British Safety Council Calls for UK to Recognize Air Pollution as Occupational Health Hazard
The British Safety Council’s recently released report, Impact of air pollution on the health of outdoor workers, makes an argument for recognizing air pollution as an occupational health hazard in Britain.
The British Safety Council has recently released the report Impact of air pollution on the health of outdoor workers, which argues that ambient air pollution should be recognized as an occupational health hazard in Britain. The report is part of the charity’s campaign to limit the hazards that air pollution poses to the health of outdoor workers.
According to the BSC, air pollution is considered the largest environmental risk to public health, connected with as many as 36,000 early deaths annually in the United Kingdom. Ambient air pollution can be linked to cancer, lung and heart disease, type 2 diabetes, infertility, and early dementia, the organization said.
BSC launched its Time to Breathe campaign, focused on the protection of outdoor workers from air pollution, in March 2019. This report is the next step in the campaign, gathering evidence about the causes and consequences of air pollution in Britain.
In the report, the British Safety Council calls for the following measures:
- The UK to adopt the World Health Organization’s exposure limits for the main pollutants;
- Government action to ensure ambient air pollution is treated as an occupational health issue and adopt a Workplace Exposure Limit for Diesel Engine Exhaust Emissions (DEEE);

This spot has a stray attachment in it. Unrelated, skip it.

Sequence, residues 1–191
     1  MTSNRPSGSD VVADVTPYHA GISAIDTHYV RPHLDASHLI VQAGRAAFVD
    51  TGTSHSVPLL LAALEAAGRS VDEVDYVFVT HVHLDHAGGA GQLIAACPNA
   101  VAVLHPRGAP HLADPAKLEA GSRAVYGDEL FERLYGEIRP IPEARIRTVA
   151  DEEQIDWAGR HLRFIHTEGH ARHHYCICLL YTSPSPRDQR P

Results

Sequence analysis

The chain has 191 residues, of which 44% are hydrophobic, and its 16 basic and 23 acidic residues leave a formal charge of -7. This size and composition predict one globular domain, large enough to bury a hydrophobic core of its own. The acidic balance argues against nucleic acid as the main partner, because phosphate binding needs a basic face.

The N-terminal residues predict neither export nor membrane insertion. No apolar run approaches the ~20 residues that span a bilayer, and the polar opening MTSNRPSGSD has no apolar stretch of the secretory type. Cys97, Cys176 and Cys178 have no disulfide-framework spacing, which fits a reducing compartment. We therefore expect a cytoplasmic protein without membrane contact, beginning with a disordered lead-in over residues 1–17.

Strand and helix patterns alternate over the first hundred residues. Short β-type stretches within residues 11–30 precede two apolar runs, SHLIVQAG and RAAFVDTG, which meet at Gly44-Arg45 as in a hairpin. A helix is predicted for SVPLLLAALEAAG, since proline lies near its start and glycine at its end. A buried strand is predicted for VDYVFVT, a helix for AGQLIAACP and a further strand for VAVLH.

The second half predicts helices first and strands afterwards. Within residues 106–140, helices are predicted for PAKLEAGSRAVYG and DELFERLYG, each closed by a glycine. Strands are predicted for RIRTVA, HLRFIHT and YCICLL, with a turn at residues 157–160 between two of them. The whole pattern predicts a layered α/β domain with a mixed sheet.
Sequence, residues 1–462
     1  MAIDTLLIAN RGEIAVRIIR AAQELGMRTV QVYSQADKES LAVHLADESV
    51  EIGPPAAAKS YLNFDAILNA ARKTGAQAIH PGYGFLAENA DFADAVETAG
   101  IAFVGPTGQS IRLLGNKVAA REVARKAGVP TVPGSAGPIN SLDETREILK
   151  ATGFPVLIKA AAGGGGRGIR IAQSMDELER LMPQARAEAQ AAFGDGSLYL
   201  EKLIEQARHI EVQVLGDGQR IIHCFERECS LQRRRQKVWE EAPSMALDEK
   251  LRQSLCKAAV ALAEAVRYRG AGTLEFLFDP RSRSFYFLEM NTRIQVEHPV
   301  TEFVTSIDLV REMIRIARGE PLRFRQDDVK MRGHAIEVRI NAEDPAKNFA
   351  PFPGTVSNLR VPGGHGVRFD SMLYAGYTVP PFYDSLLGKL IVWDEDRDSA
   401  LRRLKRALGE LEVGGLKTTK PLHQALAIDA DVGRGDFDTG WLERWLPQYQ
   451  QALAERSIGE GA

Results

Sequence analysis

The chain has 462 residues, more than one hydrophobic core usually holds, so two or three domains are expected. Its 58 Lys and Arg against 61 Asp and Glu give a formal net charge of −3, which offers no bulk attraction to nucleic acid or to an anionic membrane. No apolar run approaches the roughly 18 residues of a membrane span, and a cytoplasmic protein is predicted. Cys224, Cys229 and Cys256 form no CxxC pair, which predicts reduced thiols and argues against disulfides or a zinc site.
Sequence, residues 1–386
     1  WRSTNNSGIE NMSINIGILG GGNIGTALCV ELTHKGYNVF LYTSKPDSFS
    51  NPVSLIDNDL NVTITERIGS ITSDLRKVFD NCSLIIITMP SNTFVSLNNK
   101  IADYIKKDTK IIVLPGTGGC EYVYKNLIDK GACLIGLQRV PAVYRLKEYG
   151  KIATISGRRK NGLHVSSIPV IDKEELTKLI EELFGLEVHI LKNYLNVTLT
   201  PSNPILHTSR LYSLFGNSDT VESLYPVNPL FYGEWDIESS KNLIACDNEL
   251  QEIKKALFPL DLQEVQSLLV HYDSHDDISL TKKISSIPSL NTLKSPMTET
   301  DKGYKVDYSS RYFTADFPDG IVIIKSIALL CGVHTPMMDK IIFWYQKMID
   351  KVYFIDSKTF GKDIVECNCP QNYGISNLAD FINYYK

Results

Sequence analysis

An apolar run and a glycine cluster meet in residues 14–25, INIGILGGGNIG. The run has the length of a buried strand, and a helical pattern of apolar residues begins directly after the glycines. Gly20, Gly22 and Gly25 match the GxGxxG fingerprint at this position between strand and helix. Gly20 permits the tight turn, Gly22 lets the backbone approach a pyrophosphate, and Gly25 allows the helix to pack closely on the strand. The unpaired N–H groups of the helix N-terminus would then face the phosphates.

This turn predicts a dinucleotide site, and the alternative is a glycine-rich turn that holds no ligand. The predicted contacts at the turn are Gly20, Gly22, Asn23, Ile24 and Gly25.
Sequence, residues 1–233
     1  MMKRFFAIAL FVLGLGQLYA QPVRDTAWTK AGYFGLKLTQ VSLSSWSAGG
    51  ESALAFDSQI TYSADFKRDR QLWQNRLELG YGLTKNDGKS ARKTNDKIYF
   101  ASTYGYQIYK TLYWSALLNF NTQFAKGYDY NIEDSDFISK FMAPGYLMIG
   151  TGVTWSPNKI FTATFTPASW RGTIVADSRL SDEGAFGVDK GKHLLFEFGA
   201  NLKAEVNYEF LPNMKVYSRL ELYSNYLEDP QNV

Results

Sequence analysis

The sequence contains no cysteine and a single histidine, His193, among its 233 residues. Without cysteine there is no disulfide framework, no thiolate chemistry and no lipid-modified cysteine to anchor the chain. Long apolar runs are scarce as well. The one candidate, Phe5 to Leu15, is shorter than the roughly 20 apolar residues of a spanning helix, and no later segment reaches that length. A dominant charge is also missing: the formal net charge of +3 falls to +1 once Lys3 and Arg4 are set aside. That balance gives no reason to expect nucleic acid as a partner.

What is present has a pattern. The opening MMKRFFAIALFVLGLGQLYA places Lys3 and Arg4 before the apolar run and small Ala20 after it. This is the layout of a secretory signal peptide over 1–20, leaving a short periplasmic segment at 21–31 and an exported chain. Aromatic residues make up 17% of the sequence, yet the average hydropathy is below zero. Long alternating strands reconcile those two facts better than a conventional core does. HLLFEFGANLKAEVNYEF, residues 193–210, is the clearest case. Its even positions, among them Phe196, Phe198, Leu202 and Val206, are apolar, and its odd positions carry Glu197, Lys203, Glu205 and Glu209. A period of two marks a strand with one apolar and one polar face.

- Improvements to pollution monitoring across the UK, so that all regions can have the same accuracy in emissions data as London;
- Recognition that protection from the dangers of air pollution should be enshrined in law as a human right.
“The impact of air pollution on people working in large cities is starting to be recognized as a major public health risk. However, we are yet to see any true commitment to addressing this issue by the government and the regulators,” said Lawrence Waterman, Chairman of the British Safety Council. “The Time to Breathe campaign, together with our recent report, is a call to action for policymakers, regulators and industry leaders. The social and economic implications of ambient air pollution are clear. It must be recognized as an occupational health hazard, much like some toxic substances such as asbestos. Breathing clean air is not a privilege but a basic human right for the thousands of people who are undertaking vital work outdoors.”
The report can be read here.